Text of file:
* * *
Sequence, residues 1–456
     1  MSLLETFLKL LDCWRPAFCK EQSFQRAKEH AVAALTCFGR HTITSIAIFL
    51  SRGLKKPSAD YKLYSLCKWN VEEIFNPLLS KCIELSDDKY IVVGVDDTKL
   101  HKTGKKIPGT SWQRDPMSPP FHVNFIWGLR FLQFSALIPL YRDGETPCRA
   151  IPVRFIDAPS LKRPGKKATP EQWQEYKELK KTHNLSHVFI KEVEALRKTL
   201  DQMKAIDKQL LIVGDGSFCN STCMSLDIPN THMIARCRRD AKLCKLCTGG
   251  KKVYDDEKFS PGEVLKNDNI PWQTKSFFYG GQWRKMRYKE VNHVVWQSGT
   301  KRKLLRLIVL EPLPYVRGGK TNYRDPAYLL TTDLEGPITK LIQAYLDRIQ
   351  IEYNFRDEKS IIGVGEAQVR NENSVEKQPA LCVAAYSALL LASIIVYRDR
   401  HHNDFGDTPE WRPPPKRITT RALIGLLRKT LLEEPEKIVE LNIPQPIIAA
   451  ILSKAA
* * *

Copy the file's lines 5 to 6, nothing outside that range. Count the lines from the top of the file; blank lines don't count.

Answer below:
   151  IPVRFIDAPS LKRPGKKATP EQWQEYKELK KTHNLSHVFI KEVEALRKTL
   201  DQMKAIDKQL LIVGDGSFCN STCMSLDIPN THMIARCRRD AKLCKLCTGG